Sacramento and Solano Counties’ law enforcement agencies are the first in northern California to benefit from a program developed by the Departments of Justice and Homeland Security that identifies and removes dangerous criminal aliens.
On January 12, 2010, law enforcement agencies in Sacramento and Solano counties became the first counties in northern California to participate in an initiative developed by the Departments of Justice (DOJ) and Homeland Security (DHS), referred to as Secure Communities. The Secure Communities program has been designed to remove dangerous criminal aliens from the community and is administered by U.S.Immigration and Customs Enforcement (ICE). Secure Communities permits ICE to determine whether an individual arrested by a participating state or local law enforcement agency is a dangerous criminal alien so ICE can take the appropriate action to remove the individual from the community.
The Secure Communities program makes biometric identification technology accessible to the local law enforcement agencies in Sacramento and Solano counties that use electronic booking machines. Formerly as part of the booking process, local arrestees’ fingerprints were taken and checked for criminal history information against the DOJ biometric system maintained by the FBI. Under Secure Communities’ processing, that fingerprint information will now be simultaneously checked against both the FBI criminal history records and the biometrics-based immigration records maintained by the DHS.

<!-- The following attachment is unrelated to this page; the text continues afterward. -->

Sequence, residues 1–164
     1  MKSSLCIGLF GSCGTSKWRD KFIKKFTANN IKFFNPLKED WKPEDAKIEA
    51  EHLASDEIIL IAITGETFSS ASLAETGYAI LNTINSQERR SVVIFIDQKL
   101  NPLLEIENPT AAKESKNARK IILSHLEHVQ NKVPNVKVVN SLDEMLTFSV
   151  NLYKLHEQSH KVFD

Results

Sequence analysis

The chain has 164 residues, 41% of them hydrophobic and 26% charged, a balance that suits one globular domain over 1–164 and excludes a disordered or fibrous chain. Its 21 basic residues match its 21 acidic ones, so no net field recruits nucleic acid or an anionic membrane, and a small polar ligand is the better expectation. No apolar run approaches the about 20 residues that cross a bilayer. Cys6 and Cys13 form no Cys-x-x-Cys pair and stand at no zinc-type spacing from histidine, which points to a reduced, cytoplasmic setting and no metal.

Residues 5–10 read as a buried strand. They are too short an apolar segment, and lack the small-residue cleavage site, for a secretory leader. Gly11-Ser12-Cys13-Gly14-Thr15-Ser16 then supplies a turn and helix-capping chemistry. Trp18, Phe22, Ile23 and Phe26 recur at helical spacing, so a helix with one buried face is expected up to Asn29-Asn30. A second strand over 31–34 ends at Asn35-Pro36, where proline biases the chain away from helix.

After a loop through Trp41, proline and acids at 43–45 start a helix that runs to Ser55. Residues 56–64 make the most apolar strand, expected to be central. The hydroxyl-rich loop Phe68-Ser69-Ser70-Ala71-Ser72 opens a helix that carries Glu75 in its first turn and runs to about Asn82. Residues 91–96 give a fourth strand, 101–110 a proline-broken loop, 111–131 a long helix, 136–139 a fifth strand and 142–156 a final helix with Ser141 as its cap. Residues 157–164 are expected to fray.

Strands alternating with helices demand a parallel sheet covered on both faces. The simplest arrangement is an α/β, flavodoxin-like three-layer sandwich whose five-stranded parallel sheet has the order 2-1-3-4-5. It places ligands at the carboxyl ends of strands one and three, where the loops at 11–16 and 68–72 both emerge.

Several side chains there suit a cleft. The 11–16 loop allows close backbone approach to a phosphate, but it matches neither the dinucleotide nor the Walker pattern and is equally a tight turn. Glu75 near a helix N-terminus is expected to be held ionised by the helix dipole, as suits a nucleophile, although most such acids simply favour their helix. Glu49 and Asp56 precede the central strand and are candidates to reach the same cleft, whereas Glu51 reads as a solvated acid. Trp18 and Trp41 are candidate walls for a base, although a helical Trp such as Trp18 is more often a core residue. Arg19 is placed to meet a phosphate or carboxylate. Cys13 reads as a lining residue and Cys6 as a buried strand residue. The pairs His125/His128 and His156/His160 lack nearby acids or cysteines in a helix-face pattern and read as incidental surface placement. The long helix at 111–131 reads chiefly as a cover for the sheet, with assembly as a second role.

If there is a match with fingerprints in DHS’s biometric system, the new automated process notifies ICE, enabling the agency to take appropriate action to ensure dangerous criminal aliens are held until ICE can transfer them into ICE’s custody. The agency gives top priority to foreign nationals who pose the greatest threat to public safety, such as those with prior convictions for major drug offenses, murder, rape, robbery and kidnapping.
“Secure Communities provides local law enforcement with an effective tool to identify dangerous criminal aliens,” said Acting Secure Communities Executive Director Marc Rapp. “Enhancing public safety is at the core of the ICE’s mission. Our goal with Secure Communities is to use information sharing to prevent criminal aliens from being released back into the community, with little or no additional burden on our law enforcement partners.”
Sacramento and Solano counties join five other California counties participating in the Secure Communities program.
Since October 2008 when the program began, Secure Communities has identified more than 11,000 foreign nationals charged or convicted with Level 1 crimes, such as murder, rape and kidnapping.
Stewart Rabinowitz is President of Rabinowitz & Rabinowitz, P.C. Mr. Rabinowitz is Board Certified in Immigration and Nationality Law by the Texas Board of Legal Specialization. To contact a Dallas immigration lawyer or Dallas immigration attorney visit Rabinowitzrabinowitz.com.